Focusing attention on the development of capabilities—on what a person must be able to do to fulfill a twofold purpose of personal and social transformation—provides a balance and a means for integrating subjects within the curriculum. It also prevents education from becoming the mere transmission of predefined, decontexturalized chunks of information; from being unduly concerned with self-esteem independent of real performance; or from reducing the educational process to a few functional skills. A curriculum organized around the development of capabilities allows for flexibility in moving from the specific and concrete—facts and procedures—to abstract and moral reasoning, soaring to the limits of the student‟s capacity. Each lesson, each course, contributes to the development of one or more capabilities by focusing on some of their components, building them progressively, year after year.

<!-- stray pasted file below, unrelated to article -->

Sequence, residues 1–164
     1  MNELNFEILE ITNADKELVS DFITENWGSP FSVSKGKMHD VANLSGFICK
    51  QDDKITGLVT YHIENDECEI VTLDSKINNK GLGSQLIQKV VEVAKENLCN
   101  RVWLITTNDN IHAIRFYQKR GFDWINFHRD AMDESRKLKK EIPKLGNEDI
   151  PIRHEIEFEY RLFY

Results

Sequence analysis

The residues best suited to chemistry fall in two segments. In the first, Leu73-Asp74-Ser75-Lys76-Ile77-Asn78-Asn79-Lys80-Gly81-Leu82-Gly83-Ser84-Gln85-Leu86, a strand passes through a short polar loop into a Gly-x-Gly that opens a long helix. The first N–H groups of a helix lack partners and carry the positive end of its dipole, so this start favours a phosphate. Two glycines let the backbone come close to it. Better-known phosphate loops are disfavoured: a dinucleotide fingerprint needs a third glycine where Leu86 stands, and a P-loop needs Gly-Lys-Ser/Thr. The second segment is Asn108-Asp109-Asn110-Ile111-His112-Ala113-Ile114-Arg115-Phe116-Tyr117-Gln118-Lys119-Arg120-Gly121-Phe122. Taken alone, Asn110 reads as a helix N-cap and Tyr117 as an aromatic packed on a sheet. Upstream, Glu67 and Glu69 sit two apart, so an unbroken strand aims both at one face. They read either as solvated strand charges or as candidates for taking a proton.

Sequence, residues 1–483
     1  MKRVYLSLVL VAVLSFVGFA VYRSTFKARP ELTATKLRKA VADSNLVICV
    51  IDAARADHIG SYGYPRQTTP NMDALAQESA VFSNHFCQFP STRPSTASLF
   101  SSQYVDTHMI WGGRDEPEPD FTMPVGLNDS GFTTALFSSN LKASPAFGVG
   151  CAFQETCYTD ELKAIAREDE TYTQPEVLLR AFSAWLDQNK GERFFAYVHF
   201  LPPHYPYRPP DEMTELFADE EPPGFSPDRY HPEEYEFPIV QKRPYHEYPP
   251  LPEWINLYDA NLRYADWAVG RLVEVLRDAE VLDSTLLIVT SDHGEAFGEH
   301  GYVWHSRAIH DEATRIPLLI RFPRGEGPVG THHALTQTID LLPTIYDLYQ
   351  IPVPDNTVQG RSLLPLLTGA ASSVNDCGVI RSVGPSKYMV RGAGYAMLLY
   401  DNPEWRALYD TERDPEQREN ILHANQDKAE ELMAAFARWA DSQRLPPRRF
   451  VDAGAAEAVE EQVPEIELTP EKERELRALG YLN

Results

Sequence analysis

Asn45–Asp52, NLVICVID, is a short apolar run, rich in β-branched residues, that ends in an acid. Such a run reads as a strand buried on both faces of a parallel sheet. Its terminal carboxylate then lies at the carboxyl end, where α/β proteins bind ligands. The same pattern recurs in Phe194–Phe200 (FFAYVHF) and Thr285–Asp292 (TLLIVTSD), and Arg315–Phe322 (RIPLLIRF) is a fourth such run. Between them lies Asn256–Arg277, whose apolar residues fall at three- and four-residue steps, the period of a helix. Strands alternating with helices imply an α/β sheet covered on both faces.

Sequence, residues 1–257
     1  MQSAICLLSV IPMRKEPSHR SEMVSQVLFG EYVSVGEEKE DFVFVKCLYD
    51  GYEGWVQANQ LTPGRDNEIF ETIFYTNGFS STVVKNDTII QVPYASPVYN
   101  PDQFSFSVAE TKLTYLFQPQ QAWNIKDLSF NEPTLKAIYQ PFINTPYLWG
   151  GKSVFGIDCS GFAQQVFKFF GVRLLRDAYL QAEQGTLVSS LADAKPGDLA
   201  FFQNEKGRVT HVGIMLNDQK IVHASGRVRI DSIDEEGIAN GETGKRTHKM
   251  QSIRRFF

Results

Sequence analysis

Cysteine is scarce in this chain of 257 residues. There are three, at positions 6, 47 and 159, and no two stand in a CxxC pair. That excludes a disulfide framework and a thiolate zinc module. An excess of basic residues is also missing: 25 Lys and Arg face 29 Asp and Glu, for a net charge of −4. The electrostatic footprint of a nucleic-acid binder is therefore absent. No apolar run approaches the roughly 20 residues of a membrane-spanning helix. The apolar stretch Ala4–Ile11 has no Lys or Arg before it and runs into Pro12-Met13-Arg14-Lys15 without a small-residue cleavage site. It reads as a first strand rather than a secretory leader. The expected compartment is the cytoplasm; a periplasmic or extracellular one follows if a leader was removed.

Content and Process
Despite some creative research in the past century in the field of human development and learning, and the extension of primary education to much of humanity, educational practice worldwide is woefully inadequate. Absorption and regurgitation of facts remains the staple of education used in most schools of even the materially developed nations, while most of the children of the world suffer through a mere shadow of the curricula these nations export, finding them far removed from any relevant context. The capacity to think meaningfully about the world, to acquire the skills, knowledge and attitudes to guide one‟s personal growth and contribute to social change, to generate and apply new knowledge, to work productively in collective endeavors for the common good, is almost completely absent. Indeed, one study of a university teacher education program showed that only 64% of graduating seniors felt that the program “helped them to become self-directed learners who know how to develop their own knowledge.”11